Tuesday, October 29, 2013

Tidbits: Hallowinners

Monday, October 28, 2013

Forgive me, Leonard Peacock, by Matthew Quick: Forgive me for disliking yet wanting to hug the protagonist?

Forgive me, Leonard Peacock
Matthew Quick
Little Brown: New York, August 2013.
ISBN: 978-0316221337
ARC reviewed, provided by publisher

Leonard Peacock has resolved to do something on his birthday: say goodbye to the four people who have influenced his life, and then kill his former best friend and himself.  Though he begins the novel as ultimately unlikable, in visiting his four connections, Leonards own story is revealed in fits and spurts.  Though he is justifiably disturbed and his thoughts are often upsetting, he humanizes himself despite his best efforts to alienate the readers.  Not the cheeriest or most uplifting of premises, this is both a book worth picking up and sticking with.   Despite the bleak outlook, Matthew Quick turns out what is ultimately a hopeful novel that demonstrates the importance of the human connection. For the right person at the right time, this book could be a very powerful tool.  It is recommended for older teens 16 and up, and adults.  

Tuesday, October 22, 2013


Dearest readers,

I've been hoarding these links up since mid-September, because I am 2 parts monster, 1 part super busy and 1 part perhaps need to learn to say no.  I got rid of the stuff that I'm pretty sure you'd have fallen into a deep well in Siberia to have missed (Bridget Jones is back, Mark Darcy is not, JK Rowling is writing a movie set inside Harry Potterworld but prior to it.  I'd say spoilers, but whatever, the Internet took care of that weeks ago).  So, without further adieu, read on, and enjoy with your tasty Tuesday lunch.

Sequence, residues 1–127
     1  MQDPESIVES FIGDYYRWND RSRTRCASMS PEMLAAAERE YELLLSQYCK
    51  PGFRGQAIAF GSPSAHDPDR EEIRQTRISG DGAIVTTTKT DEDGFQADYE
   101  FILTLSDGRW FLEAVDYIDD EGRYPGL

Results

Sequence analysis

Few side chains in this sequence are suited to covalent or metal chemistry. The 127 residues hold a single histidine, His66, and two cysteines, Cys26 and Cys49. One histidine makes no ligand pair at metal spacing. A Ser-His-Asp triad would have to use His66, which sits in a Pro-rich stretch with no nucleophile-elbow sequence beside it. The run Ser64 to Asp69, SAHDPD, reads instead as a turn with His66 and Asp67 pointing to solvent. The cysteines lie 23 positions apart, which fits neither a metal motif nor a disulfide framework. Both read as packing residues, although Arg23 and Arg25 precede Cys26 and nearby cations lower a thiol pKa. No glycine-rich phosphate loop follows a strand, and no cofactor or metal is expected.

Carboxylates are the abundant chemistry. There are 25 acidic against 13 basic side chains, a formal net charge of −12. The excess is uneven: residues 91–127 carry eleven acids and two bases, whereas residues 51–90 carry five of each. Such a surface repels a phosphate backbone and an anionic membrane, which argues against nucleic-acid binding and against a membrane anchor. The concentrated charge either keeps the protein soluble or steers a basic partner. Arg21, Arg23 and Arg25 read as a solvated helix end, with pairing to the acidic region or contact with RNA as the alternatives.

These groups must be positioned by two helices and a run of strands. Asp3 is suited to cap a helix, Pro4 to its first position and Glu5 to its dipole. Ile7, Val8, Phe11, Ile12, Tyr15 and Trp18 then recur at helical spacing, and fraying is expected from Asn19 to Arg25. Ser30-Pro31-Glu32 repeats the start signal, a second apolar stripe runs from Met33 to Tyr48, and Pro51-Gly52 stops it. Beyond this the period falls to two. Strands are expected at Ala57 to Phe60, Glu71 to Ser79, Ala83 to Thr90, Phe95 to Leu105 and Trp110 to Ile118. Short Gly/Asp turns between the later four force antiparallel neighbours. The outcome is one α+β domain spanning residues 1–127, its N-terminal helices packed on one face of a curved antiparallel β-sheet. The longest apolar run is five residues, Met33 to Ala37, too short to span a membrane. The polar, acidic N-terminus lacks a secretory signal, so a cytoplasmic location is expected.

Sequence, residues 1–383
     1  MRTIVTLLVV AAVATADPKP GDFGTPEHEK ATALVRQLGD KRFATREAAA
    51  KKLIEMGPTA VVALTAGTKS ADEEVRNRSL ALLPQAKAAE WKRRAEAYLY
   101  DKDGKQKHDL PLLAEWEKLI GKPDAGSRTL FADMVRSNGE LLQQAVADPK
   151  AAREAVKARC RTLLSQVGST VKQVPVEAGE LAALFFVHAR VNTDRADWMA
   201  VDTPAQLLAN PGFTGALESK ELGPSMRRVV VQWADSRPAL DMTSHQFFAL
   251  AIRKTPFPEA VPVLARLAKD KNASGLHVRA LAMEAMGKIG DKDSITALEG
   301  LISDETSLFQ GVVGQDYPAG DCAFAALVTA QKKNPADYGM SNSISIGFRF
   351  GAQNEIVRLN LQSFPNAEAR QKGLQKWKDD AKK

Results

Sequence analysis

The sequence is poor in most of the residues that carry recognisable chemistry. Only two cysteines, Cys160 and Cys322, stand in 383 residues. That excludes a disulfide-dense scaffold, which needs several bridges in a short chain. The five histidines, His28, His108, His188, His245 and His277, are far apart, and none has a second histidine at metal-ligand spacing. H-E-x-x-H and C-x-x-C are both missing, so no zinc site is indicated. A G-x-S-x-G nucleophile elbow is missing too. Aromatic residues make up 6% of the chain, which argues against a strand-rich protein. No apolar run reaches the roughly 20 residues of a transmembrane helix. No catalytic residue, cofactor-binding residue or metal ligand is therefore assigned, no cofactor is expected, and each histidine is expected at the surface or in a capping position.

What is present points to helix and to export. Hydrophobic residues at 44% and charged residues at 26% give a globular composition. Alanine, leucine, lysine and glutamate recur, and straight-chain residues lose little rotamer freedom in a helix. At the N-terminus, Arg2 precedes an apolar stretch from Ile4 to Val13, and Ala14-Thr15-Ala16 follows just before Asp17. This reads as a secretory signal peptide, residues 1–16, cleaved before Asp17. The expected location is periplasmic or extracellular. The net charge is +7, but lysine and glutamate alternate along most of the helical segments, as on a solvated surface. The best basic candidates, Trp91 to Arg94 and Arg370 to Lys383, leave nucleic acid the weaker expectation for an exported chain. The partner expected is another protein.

Libraries and Design

Literacy and Literature

Movies and TV
  • I am really, really excited about Outlander being a TV series.  Here's why you should be too.  But really: KILTS.  
  • There are so many new things Divergent movie related.  Or...no longer new.  Maybe even old.  But posters!  Four!
  • I had no idea that If I Stay was already in the casting process.  Plus, can we briefly discuss The Giver adaptation?  I agree with Lois Lowry that a movie audience will probably better buy an older teen cast, but does casting older teens then turn The Giver into YA, when I firmly feel it is in the (best of all-time) Children's literature category?  Help me ponder, please, all two readers and twelve spambots who regularly follow this blog.  

And just because...
Until the next time I horrify myself by having to weed through 40 links I've hoarded up....
Truly, madly, deeply,

Monday, October 21, 2013

Recipe 9: Butternut Farro Risotto with Beans, Spinach, and Mushroom

Butternut Farro Risotto with
Beans, Spinach and Mushrooms.
It’s not an exaggeration to say that I’ve been neglecting my blog of late...it’s been a super busy overworked, overbooked, overtired kind fall until recently, and I’m not quite sure how that happened.  My goal was to do as much reading, cooking, and updating as possible, and I’ve met approximately zero of these goals.  The beginning of the school year always seems nuts, but this was like every kind of nut, crushed together, rolled in more nuts, roasted with more nuts, and served on top of nuts.  I also cleverly started upping my mileage for an upcoming half, and while my talents do include travel to South Beach occasionally, they do not include cooking and running, reading and running, copying and pasting links and running...running and running is about as much of a motor skill challenge as I can handle at a time.  

Some of the terrible sights to see
while running in my hometo